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Enterprise Startup: Tactics for Thriving in Fast-Changing IT Environments

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Delivering software in an iterative and continuous manner is no longer optional, yet our recent research shows that just 23% of companies support an “experimentation culture” — a predominant building block in the agile methodologies necessary for digital business transformation. However, we’ve helped several organizations — including retailers during peak holiday seasons — embrace continuous delivery and benefit from tactics such as agile, microservices, and experimentation-orientation. How can an outside-in approach help you achieve continuous delivery? Flip through the slides above and then visit sapientnitro.com/insights for the full report (along with many others).

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Enterprise Startup: Tactics for Thriving in Fast-Changing IT Environments

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  2. 2. 2 Meeting CustomerExpectations in a Digital World This requires software delivery to be transformed into an outside-in function that plans, builds, and runs technology based on customer behavior and expectations. In today’s always-on world, consumers want brand interactions to be instantaneous, seamless, and personalized. By extension, enterprise IT professionals must deliver software in an iterative and continuous manner.
  3. 3. 3 ContinuousDelivery= Constant Improvement The benefit of continuous delivery, as powered by development and operations (DevOps) and other methodologies, is that it: … all of which lead to improved results and enable business transformation. Delivers software products to market faster… Cuts downtime costs… Reduces risk…
  4. 4. 4 The Value of an Experimentation Culture • In order to embrace continuous delivery, organizations must first build a culture of rapid change. • An “experimentation culture” emphasizes test and learn methods, rapid prototyping, and immediate feedback from real customers to sustain a continuous cycle of measuring outcomes, adaptation based on feedback, and product iteration. • This experimentation culture is particularly important to retail organizations – or any customer-facing brand – as a way to realize returns from major e-commerce, content, or digital marketing platform implementation projects once completed.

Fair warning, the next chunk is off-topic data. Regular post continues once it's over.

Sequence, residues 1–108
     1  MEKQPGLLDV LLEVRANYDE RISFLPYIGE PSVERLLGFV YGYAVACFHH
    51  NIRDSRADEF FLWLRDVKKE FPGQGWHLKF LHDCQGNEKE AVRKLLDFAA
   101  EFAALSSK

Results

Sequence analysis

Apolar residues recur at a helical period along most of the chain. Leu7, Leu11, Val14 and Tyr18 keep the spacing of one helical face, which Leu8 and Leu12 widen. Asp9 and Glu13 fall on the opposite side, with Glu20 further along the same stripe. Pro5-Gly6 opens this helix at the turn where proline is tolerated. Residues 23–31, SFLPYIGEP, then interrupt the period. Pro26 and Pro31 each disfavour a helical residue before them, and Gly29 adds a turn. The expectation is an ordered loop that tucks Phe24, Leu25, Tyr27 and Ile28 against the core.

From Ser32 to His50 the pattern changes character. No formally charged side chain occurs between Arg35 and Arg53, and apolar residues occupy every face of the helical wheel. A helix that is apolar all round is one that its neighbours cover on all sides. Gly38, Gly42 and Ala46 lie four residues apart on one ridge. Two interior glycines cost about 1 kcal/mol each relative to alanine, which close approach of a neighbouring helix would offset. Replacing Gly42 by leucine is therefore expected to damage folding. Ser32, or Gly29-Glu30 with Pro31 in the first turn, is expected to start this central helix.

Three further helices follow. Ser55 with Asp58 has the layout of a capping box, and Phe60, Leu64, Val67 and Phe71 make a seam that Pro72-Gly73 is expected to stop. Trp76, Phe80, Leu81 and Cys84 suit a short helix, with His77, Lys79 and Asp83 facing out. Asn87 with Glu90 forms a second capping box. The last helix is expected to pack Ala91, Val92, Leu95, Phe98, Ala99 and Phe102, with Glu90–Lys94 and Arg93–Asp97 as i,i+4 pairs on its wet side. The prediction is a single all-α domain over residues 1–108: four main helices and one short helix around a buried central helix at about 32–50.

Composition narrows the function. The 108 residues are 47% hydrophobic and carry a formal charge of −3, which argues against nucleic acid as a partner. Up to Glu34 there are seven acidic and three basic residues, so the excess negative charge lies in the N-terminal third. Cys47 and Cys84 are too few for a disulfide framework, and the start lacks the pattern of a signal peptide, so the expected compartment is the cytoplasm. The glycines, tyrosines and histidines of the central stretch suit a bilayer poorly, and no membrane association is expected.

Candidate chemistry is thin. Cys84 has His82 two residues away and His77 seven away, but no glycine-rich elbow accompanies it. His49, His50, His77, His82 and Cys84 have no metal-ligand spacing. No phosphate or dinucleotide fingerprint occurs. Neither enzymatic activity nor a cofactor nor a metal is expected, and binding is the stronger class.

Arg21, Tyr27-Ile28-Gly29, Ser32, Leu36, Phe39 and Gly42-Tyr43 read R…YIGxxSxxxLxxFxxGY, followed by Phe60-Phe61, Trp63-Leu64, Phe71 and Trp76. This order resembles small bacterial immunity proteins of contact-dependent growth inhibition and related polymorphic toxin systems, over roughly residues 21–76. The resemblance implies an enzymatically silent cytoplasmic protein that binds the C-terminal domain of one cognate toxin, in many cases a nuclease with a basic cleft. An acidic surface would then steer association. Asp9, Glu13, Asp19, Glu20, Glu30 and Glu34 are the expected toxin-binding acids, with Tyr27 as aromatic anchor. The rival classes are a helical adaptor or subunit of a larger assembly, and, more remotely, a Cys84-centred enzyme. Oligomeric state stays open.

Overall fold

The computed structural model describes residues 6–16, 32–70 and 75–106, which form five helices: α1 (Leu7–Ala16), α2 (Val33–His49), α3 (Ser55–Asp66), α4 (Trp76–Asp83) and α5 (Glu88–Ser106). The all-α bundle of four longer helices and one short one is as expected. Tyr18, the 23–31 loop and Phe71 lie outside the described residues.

5. 5. 5 A New Approach to Fast-Changing IT Environments To help large corporations embrace an experimentation culture, we’ve developed and refined an “enterprise startup” approach. This model restructures the organization for change and encourages a new business mindset through the following three elements: Best-in-class agile methods Product teams are shifting the IT culture from long product development cycles and extended quality assurance (QA) periods to daily releases and continuous QA. Autonomous product teams These independent groups test and fail fast by deploying minimum viable products and then iterating. They prepare individual profit and loss reports to internal investors to ensure alignment with business goals. Organize around customerjourney Product teams are created to support customer journeys, not business functions. For example, rather than having a team focused on traditional research and development, we organize around solving a customer’s need through product development.
  6. 6. 6 Three Pillarsfor Thriving as an Enterprise Startup SapientNitro surveyed senior technology leaders to better understand organizations’ enterprise IT practices and the current state of enterprise IT, and identify the steps businesses must take to become an enterprise startup. To create an enterprise startup, we believe there are three things businesses need to do differently. Build clean, high-quality code Think “small and frequent” Automate using a no operations (NoOps) mindset